Scientists from the Monell Center, Philadelphia have evolved a new protocol that could help detect the metabolic disorder trimethylaminuria (TMAU).
The disorder gives rise to a foul, fishy odor. At lower concentrations, it may be perceived as unpleasant or "garbage-like."
TMAU is a genetically-transmitted disease that inhibits the ability of an enzyme to metabolize or transform trimethylamine (TMA), a chemical compound produced naturally from many foods.
In the study, published online in The American Journal of Medicine, the authors tested 353 patients who had contacted the Monell Center because of unexplained personal malodor production. The offensive odors persisted despite good personal hygiene and the underlying causes could not be identified by medical and dental professionals.
Production of TMA is associated with foods rich in the dietary constituent, choline. Such foods include eggs, certain legumes, wheat germ, saltwater fish and organ meats.
Importantly, TMA production and associated odor symptoms depend on what foods recently have been eaten and therefore may occur in irregular and seemingly unpredictable intervals. This makes the disease difficult to diagnose, as patients can appear to be odor-free when they consult a health professional.
Testing at Monell included a choline challenge, in which each patient ingests a set amount of choline and urinary TMA levels are measured over the next 24 hours using sophisticated chemical instrumentation. A high level of urinary TMA confirmed a diagnosis of TMAU in 118 individuals.
Monell's malodor evaluation protocol has the unique advantage of combining sensory evaluation with analytical chemistry techniques. In the current study, sensory findings described a high degree of variation in the quality and severity of malodors associated with TMAU. The authors point out that such individual differences in odor production indicate that the choline challenge test is necessary to confirm the diagnosis of TMAU.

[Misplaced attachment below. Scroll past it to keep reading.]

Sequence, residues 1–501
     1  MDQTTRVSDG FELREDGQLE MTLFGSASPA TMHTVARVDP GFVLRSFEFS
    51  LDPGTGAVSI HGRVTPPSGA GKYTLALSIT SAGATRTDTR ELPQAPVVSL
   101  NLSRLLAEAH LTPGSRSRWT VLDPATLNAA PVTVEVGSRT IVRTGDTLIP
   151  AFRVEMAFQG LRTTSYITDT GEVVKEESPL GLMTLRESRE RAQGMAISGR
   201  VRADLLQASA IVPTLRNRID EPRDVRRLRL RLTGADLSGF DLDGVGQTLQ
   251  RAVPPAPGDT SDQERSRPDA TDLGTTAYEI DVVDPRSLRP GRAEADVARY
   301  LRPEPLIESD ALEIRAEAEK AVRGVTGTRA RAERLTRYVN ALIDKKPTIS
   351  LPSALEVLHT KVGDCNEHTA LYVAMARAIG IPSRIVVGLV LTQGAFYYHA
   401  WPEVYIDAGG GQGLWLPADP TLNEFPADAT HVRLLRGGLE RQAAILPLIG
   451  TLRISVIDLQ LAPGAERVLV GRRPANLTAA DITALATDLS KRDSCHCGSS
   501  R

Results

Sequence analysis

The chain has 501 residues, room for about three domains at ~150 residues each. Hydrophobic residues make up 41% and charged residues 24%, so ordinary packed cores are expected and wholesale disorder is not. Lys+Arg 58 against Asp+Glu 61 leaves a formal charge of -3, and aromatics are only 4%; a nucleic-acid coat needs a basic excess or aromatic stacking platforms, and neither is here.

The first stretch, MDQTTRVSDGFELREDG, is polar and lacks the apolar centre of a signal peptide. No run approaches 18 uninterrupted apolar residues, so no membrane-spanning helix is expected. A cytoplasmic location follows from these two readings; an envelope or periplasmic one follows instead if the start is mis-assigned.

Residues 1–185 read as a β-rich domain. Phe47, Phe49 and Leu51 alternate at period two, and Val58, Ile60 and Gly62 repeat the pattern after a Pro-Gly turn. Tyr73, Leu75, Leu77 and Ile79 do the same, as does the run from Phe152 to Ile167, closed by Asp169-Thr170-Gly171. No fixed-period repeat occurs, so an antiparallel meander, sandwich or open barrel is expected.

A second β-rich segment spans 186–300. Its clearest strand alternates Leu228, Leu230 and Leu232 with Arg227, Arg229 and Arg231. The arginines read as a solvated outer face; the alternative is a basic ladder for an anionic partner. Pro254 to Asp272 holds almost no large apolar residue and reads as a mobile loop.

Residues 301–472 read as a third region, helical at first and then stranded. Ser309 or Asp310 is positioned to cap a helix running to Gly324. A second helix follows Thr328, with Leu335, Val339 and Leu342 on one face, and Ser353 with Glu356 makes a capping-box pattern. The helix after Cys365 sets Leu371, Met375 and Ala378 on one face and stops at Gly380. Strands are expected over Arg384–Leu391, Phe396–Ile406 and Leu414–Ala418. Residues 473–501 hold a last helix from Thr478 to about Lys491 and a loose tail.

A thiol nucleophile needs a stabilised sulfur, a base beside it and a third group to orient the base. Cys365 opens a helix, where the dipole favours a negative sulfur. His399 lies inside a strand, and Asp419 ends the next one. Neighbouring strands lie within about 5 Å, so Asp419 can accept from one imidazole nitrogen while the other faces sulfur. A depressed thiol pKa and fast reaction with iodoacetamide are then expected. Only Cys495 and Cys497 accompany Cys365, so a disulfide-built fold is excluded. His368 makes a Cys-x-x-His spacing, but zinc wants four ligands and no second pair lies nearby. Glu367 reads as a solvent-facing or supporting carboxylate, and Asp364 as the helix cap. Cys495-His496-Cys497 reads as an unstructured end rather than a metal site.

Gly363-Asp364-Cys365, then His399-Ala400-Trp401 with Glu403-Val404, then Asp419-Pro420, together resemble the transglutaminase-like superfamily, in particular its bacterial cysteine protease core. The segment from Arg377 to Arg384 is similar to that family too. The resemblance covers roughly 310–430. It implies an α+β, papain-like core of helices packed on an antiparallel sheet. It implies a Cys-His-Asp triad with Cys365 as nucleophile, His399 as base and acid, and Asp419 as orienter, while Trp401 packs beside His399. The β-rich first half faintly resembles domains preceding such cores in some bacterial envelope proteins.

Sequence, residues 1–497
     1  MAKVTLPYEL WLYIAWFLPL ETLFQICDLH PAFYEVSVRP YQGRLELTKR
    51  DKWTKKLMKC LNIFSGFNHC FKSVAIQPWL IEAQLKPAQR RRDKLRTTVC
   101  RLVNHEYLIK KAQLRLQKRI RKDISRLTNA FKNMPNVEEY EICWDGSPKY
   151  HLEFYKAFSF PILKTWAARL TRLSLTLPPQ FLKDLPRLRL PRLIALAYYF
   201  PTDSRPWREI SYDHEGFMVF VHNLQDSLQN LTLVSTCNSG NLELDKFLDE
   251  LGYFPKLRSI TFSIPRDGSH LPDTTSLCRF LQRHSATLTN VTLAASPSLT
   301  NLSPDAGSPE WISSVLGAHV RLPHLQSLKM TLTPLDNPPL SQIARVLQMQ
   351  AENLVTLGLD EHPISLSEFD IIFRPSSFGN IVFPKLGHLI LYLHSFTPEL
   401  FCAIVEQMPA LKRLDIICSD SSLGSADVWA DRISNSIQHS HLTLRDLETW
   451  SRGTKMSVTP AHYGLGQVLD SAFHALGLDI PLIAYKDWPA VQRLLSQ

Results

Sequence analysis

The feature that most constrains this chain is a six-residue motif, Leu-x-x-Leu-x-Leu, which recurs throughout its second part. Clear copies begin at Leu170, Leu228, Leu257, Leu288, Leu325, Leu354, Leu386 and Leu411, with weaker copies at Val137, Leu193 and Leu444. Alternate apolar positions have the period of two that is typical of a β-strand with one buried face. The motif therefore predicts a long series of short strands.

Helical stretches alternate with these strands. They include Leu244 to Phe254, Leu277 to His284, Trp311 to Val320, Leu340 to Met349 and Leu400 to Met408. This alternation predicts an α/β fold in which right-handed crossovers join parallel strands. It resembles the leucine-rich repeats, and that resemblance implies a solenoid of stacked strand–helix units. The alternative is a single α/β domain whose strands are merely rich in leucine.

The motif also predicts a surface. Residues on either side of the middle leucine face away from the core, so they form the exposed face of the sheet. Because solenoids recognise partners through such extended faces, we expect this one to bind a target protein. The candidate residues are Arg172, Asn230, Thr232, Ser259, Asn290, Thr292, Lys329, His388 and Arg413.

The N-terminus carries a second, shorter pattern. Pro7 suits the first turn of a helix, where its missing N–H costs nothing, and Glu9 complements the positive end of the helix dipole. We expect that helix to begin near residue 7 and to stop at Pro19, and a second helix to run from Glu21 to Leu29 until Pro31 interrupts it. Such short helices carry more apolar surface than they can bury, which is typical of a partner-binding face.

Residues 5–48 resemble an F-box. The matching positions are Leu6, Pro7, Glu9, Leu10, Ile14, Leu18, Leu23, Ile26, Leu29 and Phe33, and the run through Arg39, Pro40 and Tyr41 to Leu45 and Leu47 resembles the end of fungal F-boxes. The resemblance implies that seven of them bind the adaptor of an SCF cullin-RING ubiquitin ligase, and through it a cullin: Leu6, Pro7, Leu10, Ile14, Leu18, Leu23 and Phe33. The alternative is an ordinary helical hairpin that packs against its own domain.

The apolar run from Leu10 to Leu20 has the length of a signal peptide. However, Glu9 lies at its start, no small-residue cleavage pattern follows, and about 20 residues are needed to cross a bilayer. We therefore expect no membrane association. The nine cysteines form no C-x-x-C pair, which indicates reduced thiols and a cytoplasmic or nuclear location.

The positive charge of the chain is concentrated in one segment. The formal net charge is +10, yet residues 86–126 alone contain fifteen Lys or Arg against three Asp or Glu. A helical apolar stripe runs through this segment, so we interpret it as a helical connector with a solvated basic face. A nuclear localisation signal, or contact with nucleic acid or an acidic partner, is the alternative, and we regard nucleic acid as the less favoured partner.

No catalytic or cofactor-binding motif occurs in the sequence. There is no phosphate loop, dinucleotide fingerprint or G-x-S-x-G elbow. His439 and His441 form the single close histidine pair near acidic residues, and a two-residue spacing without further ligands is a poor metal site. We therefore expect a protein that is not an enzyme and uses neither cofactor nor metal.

"Health care professionals must arrive at a correct diagnosis to suggest appropriate treatment," said study lead author Paul M. Wise, Ph.D., a sensory psychologist at Monell. "This research raises awareness of both the disease and also the proper methods of diagnosis and treatment."
Understanding the genetic and dietary bases of these individual differences will be one of several subjects for future research.
TMAU is classified as a "rare disease," meaning that it affects less than 200,000 people in the United States. However, its actual incidence remains questionable, due in part to the inconclusive diagnostic techniques used previously.
The current study was funded primarily by private and patient donations. "Only a few laboratories worldwide study TMAU and very little government or foundation funding is available," said Wise. "Yet our research is advancing clinical knowledge while also producing relief and hope for those who suffer from malodor production."
Finally, the scientists note that 65 percent of the afflicted individuals examined did not test positive for TMAU and that future studies will seek to identify other causes of malodor production.